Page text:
## My router may have been flashed.

One of the ironies of my LAN is, I am hosting a Web-site from it, but I do not even own my present router. Mine is a router owned by my ISP, and which provides me with proprietary TV as well.

This means that my ISP has the right to perform a firmware update on the router, which can also be called ‘flashing the router’.

I suspect that this may have happened, around Wednesday Morning, November 9.

My main reason for suspecting this, was a subtle change in the way my router manages my LAN.

According to This Earlier Posting, I previously needed to set my router as the WINS server as well.

To explain in lay-terms what this means, I need to mention that the local IP addresses which computers have on a LAN do exist, in addition to which Windows has introduced its own way of giving the local computers names. Linux can mimic how this works, using its ‘Samba’ software suite, but also tries to avoid ‘NetBIOS’ (naming) as much as possible, outside of Samba network browsing, or ‘copying-and-pasting of files, between computers on a LAN’.

Just like domain-names need to be resolved into IP addresses on the Internet, which is the WAN to this LAN – the Wide-Area Network – on the Local Area Network, computer-names also need to be resolved into IP addresses, before the computers can actually ‘talk to each other graphically’. Traditionally, Windows offered its whimsical mechanism for doing so, which was named NetBIOS, by which any and every computer could act as the WINS server – thus offering its repository of LAN locations to the WINS clients, but alternatively, there could also exist one dedicated WINS server.

What I had grown used to, was that on my LAN, the router would insist that it be my WINS server, thus ‘not trusting’ any of my Linux boxes to do so in some way. I therefore had to defer to this service, as provided by the router.

I had previously set my ‘/etc/samba/smb.conf‘ to

   wins support = no

dns proxy = yes

Well as of Wednesday, the LAN had suddenly ‘looked different’ according to client-browsers. Each computer had suddenly remained aware only of its own identity, with no Workgroup of other computers to network with.

This was all happening, while my connection to the WAN still seemed secure and operative.

Long story short, I think that my ISP may have performed the Firmware Update, and that according to the new firmware version, the router was suddenly not willing to provide this service anymore. And so what I felt I had to do next, was change these settings back to

   wins support = no

dns proxy = no

Now that I have done so, each computer can ‘see’ my whole Workgroup again – which was apparently not feasible according to earlier experiences.

Further, for laypeople I might want to emphasize, that it is not just a frivolous exercise of mine, to give each computer a name. If they did not have names, then according to the screen-shot below, I would also not be able to tell them apart, since they all have the same icon anyway:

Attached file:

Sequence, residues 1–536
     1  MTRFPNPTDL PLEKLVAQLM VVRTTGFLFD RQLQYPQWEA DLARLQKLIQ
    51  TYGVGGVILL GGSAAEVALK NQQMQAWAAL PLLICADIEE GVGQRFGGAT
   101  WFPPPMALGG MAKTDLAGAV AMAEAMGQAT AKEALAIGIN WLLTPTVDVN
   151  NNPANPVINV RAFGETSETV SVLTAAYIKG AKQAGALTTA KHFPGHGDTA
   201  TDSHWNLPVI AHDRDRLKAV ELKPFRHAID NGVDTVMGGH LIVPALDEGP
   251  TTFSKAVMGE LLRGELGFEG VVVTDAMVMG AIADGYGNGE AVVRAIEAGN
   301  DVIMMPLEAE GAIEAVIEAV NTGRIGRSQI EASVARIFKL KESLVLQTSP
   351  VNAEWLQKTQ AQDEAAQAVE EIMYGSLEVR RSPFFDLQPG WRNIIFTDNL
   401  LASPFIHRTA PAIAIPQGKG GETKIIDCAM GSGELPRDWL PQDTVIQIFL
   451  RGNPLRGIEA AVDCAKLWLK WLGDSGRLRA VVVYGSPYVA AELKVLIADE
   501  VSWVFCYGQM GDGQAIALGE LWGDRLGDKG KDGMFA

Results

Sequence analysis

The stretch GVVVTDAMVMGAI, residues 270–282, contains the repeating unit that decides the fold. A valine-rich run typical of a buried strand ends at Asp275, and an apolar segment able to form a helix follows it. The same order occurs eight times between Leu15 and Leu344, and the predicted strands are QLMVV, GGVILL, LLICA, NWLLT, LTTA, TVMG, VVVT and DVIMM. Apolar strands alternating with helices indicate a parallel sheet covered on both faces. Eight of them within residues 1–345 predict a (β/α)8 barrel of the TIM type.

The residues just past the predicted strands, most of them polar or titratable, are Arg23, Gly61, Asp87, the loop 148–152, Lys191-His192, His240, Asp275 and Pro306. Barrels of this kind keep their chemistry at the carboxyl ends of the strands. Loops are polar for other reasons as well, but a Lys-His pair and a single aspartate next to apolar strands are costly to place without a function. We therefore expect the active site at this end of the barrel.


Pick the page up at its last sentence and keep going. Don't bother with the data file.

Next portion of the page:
Now I suppose that an inquiring mind might ask, “Since Linux can imitate Windows, why does Dirk not just set ‘wins support = yes‘ as well?” My answer to this hypothetical question would be, that

• According to common sense, this option will just make the current machine available, as a potential WINS Server, but
• In my practical experience, the LAN will interpret this as more of an imperative gesture, of a kind that will actually cause a feud to break out between the machines.

In my experience, if I even set one of my Linux machines to do this, all the other Linux machines will refer to its repository of (4) LAN names, the others becoming clients, but the Windows 7 machine named ‘Mithral’ will refuse to have it. In this case, Mithral will insist that it must be the WINS Server, and not some Linux box. And then, further logic-testing of which machines can see which, will reveal that in practice, I must leave this option switched off, if there is also to be any Windows machine to share the LAN with.

Dirk

## Samba absolutely needs to be user-configured.

On my Linux machines, I generally have the Samba server installed, to ease the simple transfer of data over my LAN. But it can happen that during an initial install, a computer of mine only has the Samba client installed, not the server. This initially results in a computer which remains invisible to LAN-browsing, but which can browse the Samba shares of other computers.

Recently, an upgrade to the Samba packages I had installed on the laptop I name ‘Klystron’, also pulled in as dependencies, the actual Samba server, which next made that laptop visible to the LAN-browsing of my other computers.

And so what I thought next, was that I would not have to set up this new Samba-installation, in that it should default to safe behavior when not configured. And it turns out I was wrong.

The behavior of the new Samba setup was such, that it did not allow unauthorized fetching of user shares, but also such, that that laptop would sometimes just seem to disconnect from the Samba servers on the other computers.

And so what I have learned, is that every time we install Samba, we must also customize ‘/etc/samba/smb.conf‘, so that this configuration is compatible with whatever we have set up on our LAN. I just did so, this afternoon. And ‘Klystron’ then reappeared in the LAN-browsing of my other computers, including to the Windows 7 machine I name ‘Mithral’, without requiring any reboots from me.

The fact remains that ‘Klystron’ has an empty ‘smbpasswd’ list, and that it does not share out any user data. But still, it needed to be configured.

Dirk